Most authors have relied on Kadish et al. staging system [14] and 2002-American Joint Committee on Cancer Staging system of nasal cavity and paranasal sinus tumors. (Kadish A: limited to nasal cavity, Kadish B: limited to nasal cavity and paranasal sinuses, Kadish C: tumour extending beyond the nasal cavity and paranasal sinuses).

The tumours present with a variety of different histological patterns, including organoid, trabecular, cords, sheets, ribbons, pseudoglands and rosette formations, cribriform, solid, and single-file patterns. Lymph-vascular, perineural, and soft tissue invasion is common. The degree of cellular pleomorphism, mitotic activity, and necrosis increases as the tumour becomes more poorly differentiated (small cell carcinoma). Grimelius’ argentic staining spots cytoplasmic neurosecretory granulation, which reveals the neuroendocrine characteristic of the carcinoma. This coloration is positive in 80% of the cases. Immunocytochemistry involves a carcinoma marker containing cytokeratine, and neuroendocrine differentiation is based on markers containing chromogranin, synaptophysin, and neuron-specific enolase.

Sinonasal neuroendocrine carcinoma has to be differentiated from other neoplasms involving nasal cavity and paranasal sinuses such as squamous cell carcinoma, lymphoma, melanoma, olfactory neuroblastoma, and sinonasal undifferentiated carcinoma. Conventional microscopy is generally insufficient for arriving at accurate diagnosis and immunohistochemistry studies are invariably needed. Sinonasal squamous cell carcinoma has a male predilection (2 : 1), with a peak incidence in the sixth-seventh decades; it involves mostly maxillary sinus. It can be either keratinizing or nonkeratinizing. In keratinizing type, tumour cells exhibit squamous differentiation, keratinization, and variable degree of nuclear anaplasia. The nonkeratinizing type of SCC forms solid nests of variable sizes, frequently with relatively smooth borders. Sinonasal lymphomas can be excluded by lack of expression of leucocyte common antigen (LCA). Sinonasal melanomas usually express S-100 and HBM-45. Recently, Melan-A has been widely used in the diagnosis of melanomas. Table 1 illustrates histological and immunohistochemical features of sinonasal tumours with neuroendocrine differentiation. In the present case, synaptophysin and chromogranin were positive while S-100 was negative which favoured the diagnosis of neuroendocrine carcinoma over olfactory neuroblastoma.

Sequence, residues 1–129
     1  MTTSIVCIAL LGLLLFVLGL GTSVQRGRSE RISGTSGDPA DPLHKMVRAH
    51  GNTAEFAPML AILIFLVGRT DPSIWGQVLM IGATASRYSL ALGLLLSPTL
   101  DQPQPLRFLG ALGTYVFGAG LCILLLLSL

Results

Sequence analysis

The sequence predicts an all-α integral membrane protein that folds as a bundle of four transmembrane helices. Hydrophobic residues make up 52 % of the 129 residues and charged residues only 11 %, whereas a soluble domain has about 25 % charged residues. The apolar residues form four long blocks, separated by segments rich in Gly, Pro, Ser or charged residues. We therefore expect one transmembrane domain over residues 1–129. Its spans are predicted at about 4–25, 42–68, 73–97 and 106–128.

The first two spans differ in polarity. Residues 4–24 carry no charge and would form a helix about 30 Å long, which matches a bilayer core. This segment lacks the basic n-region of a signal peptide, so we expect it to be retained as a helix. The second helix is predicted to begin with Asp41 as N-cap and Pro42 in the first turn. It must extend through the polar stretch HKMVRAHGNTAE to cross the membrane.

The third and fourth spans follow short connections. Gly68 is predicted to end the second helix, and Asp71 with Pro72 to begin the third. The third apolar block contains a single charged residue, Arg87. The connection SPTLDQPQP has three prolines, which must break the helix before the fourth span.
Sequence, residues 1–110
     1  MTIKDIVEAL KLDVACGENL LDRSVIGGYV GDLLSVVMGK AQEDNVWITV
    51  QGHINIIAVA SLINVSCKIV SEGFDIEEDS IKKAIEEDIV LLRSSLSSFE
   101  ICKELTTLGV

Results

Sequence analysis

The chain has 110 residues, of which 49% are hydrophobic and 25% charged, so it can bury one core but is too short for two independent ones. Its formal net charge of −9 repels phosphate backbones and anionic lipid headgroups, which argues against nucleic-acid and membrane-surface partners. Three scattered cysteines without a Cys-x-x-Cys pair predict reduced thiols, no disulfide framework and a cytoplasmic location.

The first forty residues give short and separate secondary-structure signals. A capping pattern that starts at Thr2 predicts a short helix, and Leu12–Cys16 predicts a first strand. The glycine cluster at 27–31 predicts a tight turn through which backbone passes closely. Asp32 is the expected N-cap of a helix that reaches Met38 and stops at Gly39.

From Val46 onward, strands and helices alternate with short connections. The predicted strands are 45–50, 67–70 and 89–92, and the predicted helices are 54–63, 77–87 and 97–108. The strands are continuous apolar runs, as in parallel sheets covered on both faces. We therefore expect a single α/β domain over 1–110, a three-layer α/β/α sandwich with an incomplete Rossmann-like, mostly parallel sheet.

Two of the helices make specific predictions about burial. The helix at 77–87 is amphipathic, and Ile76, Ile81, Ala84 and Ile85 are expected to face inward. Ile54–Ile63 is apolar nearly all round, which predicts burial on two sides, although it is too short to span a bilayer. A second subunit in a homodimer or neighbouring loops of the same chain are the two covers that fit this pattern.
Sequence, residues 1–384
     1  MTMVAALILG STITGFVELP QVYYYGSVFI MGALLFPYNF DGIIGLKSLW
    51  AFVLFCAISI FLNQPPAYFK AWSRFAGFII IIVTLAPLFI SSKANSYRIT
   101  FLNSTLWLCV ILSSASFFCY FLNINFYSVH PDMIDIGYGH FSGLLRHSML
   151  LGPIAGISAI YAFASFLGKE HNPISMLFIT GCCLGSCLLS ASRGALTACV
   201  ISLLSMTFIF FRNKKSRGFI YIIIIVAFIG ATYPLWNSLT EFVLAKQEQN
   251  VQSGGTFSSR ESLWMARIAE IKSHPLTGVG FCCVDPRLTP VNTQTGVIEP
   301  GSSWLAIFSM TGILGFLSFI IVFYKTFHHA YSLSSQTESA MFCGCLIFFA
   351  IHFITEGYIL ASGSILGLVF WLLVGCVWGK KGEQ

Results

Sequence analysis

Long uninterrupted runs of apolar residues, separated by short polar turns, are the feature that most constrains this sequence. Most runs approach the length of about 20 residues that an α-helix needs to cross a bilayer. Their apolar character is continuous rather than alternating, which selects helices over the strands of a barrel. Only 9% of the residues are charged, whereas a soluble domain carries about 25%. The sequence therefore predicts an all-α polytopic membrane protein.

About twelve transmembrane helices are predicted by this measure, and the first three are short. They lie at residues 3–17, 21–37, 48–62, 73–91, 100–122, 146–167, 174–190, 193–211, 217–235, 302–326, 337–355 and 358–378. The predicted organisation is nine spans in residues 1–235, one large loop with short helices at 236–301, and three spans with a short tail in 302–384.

tab1
Table 1: Histological and immunohistochemical features of sinonasal tumours with neuroendocrine differentiation [4].

The treatment of sinonasal neuroendocrine carcinomas has not been systematically evaluated because of small number of cases. No agreement for adequate management has been reached among oncologists, and some recommendations have been developed from retrospective data. Surgery, radiotherapy, and chemotherapy alone or in combination have been used in the past for the patients with NEC of the paranasal sinuses and nasal cavity.